1) Principle of adhesive waste disposal:

Adhesive waste disposal is mainly based on the relative strength of adhesive force to achieve waste disposal. As shown in Figure 7, the purple parts represent the parts to be disposed of, which are individual "islands." The parts to be retained are connected as a whole. The adhesive tape is attached to the parts to be disposed of. When the adhesive tape passes through the "islands," due to the relatively small area of the "islands," the adhesive force between the adhesive tape and the "islands" is greater than the adhesive force between the "islands" and the release paper, causing the "islands" to be transferred to the adhesive tape. When the adhesive tape passes through the parts to be retained, the area of the parts to be retained is relatively large, and the adhesive force of the adhesive tape to the "islands" is smaller than the adhesive force between the parts to be retained and the release paper. Hence, the parts to be retained continue to stay on the release paper. As a result, the separated "islands" are carried away by the adhesive tape, while the retained pattern layer remains on the release paper, thereby achieving waste disposal.

2) Flowchart and pattern evolution during waste disposal:

Refer to the diagram below for the specific process.

Taking the reference antenna provided by NXP as an example, Figure 9 shows the step-by-step evolution of the antenna pattern during die-cutting.

3) Implementation process:

According to the adhesive waste disposal solution, we selected two 300mm-wide flat bed die-cutting machines, two composite machines, one laminating machine, and one stripping machine.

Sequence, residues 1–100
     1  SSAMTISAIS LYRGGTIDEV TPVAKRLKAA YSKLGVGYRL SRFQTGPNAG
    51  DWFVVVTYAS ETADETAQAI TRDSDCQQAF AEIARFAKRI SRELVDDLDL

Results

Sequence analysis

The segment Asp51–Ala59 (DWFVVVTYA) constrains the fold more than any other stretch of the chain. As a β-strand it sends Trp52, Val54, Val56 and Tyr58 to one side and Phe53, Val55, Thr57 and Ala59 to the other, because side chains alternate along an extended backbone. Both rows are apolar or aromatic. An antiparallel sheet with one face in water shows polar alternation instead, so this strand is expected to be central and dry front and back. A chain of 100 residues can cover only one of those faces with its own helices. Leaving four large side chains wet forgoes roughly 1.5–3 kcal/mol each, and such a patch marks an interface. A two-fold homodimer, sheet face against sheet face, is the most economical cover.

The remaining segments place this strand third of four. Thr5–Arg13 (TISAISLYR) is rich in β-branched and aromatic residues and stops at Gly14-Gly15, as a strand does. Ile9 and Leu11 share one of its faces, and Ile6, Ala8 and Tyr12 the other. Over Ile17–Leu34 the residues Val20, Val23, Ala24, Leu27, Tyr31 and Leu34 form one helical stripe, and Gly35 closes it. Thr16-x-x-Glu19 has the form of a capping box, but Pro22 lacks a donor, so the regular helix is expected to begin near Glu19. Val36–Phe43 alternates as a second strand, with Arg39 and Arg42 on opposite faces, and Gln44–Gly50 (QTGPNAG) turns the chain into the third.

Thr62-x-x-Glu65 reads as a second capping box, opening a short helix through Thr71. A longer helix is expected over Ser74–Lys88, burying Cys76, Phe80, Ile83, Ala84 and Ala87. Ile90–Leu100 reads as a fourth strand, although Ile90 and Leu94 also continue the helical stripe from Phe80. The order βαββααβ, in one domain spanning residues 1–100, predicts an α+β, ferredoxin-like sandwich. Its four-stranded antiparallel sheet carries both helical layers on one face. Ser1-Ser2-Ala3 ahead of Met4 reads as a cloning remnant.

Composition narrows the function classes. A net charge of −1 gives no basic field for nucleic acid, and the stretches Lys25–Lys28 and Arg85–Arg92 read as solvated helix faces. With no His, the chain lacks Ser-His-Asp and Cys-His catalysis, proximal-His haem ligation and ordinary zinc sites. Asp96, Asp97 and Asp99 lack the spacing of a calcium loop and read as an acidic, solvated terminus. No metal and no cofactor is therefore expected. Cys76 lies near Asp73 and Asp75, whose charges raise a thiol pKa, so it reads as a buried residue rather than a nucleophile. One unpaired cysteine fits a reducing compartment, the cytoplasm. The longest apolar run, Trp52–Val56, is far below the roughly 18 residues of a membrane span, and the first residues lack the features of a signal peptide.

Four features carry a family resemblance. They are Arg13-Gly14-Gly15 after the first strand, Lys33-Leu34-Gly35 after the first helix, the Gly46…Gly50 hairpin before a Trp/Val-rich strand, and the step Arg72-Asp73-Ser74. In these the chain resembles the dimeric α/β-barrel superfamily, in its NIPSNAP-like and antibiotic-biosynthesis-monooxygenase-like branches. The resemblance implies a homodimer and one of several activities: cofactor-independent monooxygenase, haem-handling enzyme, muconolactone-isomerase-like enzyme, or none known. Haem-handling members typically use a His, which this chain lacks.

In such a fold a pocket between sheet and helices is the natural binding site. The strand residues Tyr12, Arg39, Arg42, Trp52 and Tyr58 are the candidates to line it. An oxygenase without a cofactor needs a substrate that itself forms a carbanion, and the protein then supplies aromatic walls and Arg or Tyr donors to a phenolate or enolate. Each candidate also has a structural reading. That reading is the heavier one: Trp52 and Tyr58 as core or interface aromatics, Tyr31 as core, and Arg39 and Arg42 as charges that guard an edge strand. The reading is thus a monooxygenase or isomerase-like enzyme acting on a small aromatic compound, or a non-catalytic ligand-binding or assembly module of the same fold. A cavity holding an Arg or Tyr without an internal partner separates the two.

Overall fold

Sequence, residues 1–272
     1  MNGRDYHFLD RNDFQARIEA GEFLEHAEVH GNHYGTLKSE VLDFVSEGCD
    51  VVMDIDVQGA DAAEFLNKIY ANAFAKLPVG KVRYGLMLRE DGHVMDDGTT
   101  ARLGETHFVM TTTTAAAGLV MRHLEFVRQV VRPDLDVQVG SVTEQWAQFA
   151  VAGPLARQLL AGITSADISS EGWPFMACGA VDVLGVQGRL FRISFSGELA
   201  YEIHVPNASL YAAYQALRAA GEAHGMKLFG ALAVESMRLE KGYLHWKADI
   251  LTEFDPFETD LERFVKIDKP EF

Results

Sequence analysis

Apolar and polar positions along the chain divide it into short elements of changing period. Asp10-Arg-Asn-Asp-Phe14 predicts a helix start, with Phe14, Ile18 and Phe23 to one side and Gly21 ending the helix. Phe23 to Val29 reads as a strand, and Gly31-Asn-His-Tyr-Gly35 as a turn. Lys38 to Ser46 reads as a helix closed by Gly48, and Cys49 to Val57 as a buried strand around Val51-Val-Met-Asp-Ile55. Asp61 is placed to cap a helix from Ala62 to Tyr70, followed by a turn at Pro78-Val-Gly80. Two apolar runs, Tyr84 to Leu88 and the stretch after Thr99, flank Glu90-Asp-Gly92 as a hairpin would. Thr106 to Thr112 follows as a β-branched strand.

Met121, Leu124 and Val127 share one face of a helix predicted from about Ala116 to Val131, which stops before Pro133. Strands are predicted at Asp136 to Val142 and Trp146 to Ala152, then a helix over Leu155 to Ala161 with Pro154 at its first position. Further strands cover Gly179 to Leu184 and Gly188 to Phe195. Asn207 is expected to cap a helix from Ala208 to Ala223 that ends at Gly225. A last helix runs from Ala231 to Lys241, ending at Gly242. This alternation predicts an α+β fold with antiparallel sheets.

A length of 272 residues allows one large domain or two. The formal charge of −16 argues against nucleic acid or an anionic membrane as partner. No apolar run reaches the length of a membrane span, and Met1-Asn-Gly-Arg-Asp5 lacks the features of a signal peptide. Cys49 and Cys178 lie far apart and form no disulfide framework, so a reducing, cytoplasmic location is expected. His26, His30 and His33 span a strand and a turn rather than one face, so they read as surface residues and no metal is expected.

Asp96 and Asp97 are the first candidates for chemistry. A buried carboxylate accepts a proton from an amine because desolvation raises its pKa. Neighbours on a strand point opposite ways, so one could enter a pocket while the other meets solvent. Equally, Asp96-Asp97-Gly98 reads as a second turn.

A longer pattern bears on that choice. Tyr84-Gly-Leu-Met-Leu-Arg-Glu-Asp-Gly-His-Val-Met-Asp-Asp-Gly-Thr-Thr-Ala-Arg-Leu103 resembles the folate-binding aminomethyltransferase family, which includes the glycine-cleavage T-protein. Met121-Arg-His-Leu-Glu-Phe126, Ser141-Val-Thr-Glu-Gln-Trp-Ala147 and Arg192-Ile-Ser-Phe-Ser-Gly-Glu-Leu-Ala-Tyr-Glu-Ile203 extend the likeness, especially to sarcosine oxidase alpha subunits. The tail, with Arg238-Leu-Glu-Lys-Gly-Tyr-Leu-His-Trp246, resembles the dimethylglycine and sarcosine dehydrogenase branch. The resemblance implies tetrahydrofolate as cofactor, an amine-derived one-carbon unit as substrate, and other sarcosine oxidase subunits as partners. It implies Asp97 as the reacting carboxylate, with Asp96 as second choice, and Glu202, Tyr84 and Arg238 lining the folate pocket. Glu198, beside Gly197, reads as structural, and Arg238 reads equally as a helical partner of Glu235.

Laminating is responsible for adhering the tape to the aluminum foil on the release paper, while the stripping machine collects the adhesive tape with waste material. Due to the effect of silicone oil on the release paper, the adhesion between the aluminum foil and the release paper is weak (peel strength exceeding 50g is considered excessive), and the adhesive force of general adhesive tapes can reach more than 100g. Thus, adhesion is generally not a problem. The width of the adhesive tape is generally narrower than the maximum width of waste material.

Comparison of Performance between Die-cut Antennas and Etched Antennas

(1) Edge Neatness: Die-cut antennas have very smooth edges as they are mechanically cut. On the other hand, etched antennas produced through chemical etching have uneven edges due to the lateral etching effect. Please refer to the diagram below for more details:

(2) Production Speed: The speed of a die-cutting machine is three times per second. Assuming the die has three patterns and the machine operates for 12 hours a day, we can produce 400,000 antennas per day. This production speed is not only much higher than that of etching method but also faster than the printing method.

(3) Pattern Precision: The precision of etching can reach up to 0.2 mm, making it suitable for direct chip-on-antenna applications. Die-cutting has a precision of approximately 0.5 mm, and therefore, an interconnection between the antenna and chip needs to be accomplished through module transfer.

(4) Pattern Consistency: Etched antenna patterns are firmly bonded to the PET substrate, while the patterns on die-cut antennas, due to the silicone oil on the release paper, are not fixed and may shift, causing distortion. Therefore, minimizing human intervention is crucial during the production process.



Contact: Pamela